When I call Joe Lewis, who performs under the moniker Black Joe Lewis and The Honeybears, he's just waking up. Vacation in Hawaii is treating him well. Lewis, born and raised in Austin, Texas, is seeking refuge far from the mainland—resting before he hits the road again, and partially to escape the firestorm of the President's first days.
Lewis's music is raw and aggressive, but his speaking voice is quiet and pensive, constantly in search of just the right word. Backlash, the blues-soul outfit's forthcoming fifth LP, reflects Lewis' slowed approach. The album displays the band's hallmark bite, but the signature is more restrained and precise. "We finally figured out what we wanted to be as a band," Lewis says. "It took us a long time to figure out where at the table we should sit."
Lewis first rose to prominence with his blues-based tunes in 2009, using the South By Southwest Festival as his own backyard springboard. The guitar player and bandleader stayed busy, releasing an album every other year from 2007-2013 on labels both big and small: His second and third records were released on a Universal subsidiary, and his fourth on indie powerhouse Vagrant Records, a sign of both Lewis' popularity and the explosion of neo-blues and soul acts like the Black Keys.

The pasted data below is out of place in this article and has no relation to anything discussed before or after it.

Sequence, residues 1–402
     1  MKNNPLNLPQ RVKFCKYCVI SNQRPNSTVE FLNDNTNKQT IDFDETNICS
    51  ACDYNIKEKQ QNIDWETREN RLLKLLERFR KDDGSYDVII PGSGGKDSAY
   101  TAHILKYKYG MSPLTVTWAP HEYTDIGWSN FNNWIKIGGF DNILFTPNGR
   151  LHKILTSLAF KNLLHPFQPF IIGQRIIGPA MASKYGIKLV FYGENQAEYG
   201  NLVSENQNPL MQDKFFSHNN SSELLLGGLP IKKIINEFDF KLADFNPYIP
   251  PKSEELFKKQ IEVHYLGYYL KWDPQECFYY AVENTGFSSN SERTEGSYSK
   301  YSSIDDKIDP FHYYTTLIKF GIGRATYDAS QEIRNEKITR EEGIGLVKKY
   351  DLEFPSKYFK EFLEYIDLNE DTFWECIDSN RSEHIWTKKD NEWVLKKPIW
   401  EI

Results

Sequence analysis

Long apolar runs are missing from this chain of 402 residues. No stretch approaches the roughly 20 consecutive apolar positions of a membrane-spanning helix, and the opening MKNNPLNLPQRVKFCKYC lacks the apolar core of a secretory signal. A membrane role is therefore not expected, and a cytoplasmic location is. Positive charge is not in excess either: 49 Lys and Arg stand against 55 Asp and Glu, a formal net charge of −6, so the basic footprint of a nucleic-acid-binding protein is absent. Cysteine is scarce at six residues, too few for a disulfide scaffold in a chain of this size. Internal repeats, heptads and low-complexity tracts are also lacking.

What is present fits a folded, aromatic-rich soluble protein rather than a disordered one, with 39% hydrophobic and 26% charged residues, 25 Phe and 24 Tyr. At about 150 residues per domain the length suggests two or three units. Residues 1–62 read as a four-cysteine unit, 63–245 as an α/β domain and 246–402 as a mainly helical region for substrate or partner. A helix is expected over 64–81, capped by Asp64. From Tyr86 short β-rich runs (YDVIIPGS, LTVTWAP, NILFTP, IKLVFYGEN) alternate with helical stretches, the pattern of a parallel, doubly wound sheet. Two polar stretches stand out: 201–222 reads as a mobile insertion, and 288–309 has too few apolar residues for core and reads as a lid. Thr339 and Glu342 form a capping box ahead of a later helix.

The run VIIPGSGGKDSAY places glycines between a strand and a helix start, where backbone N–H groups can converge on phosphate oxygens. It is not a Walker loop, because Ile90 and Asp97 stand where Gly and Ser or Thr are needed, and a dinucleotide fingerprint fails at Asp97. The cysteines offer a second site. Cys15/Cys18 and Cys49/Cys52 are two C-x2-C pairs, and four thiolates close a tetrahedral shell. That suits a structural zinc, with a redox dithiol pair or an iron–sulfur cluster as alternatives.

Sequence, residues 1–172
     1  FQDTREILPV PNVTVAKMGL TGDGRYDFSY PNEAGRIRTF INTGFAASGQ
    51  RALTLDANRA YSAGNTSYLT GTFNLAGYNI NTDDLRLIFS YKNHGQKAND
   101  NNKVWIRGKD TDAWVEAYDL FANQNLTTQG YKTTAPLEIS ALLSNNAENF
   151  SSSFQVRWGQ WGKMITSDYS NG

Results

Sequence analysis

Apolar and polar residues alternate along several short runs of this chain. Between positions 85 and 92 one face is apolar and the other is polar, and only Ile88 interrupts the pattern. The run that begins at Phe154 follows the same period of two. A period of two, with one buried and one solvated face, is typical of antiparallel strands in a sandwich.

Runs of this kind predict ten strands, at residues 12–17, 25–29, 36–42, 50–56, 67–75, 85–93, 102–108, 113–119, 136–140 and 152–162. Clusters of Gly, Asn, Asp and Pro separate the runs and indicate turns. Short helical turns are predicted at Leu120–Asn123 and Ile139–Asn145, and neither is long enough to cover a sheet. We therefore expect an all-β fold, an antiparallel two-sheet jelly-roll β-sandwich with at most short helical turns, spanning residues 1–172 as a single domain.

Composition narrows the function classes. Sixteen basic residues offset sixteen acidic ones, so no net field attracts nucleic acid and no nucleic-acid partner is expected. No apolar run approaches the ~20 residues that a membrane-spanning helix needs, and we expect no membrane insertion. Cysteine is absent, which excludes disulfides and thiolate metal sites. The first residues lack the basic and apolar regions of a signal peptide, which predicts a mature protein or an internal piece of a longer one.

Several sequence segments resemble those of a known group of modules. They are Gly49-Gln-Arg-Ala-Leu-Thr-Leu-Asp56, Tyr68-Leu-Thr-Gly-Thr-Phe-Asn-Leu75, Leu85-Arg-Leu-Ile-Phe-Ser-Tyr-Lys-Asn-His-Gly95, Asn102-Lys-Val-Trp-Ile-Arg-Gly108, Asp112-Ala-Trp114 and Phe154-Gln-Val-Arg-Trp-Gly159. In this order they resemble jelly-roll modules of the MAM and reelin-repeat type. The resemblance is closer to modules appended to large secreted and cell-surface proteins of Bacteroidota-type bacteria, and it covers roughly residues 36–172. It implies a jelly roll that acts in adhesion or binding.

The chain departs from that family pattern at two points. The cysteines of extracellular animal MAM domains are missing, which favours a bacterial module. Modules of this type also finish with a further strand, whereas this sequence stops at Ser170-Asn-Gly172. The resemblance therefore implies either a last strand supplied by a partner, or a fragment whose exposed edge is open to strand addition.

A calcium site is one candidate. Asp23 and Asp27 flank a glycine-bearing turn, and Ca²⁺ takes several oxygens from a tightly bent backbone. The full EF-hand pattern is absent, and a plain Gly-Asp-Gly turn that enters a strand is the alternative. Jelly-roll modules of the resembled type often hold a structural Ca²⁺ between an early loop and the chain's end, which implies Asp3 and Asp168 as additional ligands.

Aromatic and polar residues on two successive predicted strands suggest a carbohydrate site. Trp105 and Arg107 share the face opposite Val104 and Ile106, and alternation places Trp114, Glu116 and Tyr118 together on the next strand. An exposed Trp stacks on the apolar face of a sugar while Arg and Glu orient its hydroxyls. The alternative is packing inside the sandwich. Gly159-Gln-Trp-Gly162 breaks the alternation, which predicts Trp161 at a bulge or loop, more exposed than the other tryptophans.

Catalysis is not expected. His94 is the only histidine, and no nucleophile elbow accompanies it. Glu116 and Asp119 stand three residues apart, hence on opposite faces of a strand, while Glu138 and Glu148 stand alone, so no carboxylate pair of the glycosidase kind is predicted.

Since the release of that Vagrant Records album, Electric Slave, Lewis has gone silent. That album auspiciously sports Lewis' name without the companionship of the Honeybears title. Had the band broken up? Would Lewis' trademark horn-accompaniment be missing? Lewis had never intended on keeping the Honeybears moniker in his name, it was simply a silly title to help describe his steady backing band. When the change occurred, unnecessary confusion mounted.
To hear Lewis tell it, the reasoning isn't quite so dramatic. He had simply grown tired of the addition, and had never planned for it to exist for so long. After exclusion from promoters—unwilling to book Lewis because they thought it would be a solo show—the bandleader once again added "The Honeybears" back to his name, and got to work on the band's fifth LP, Backlash.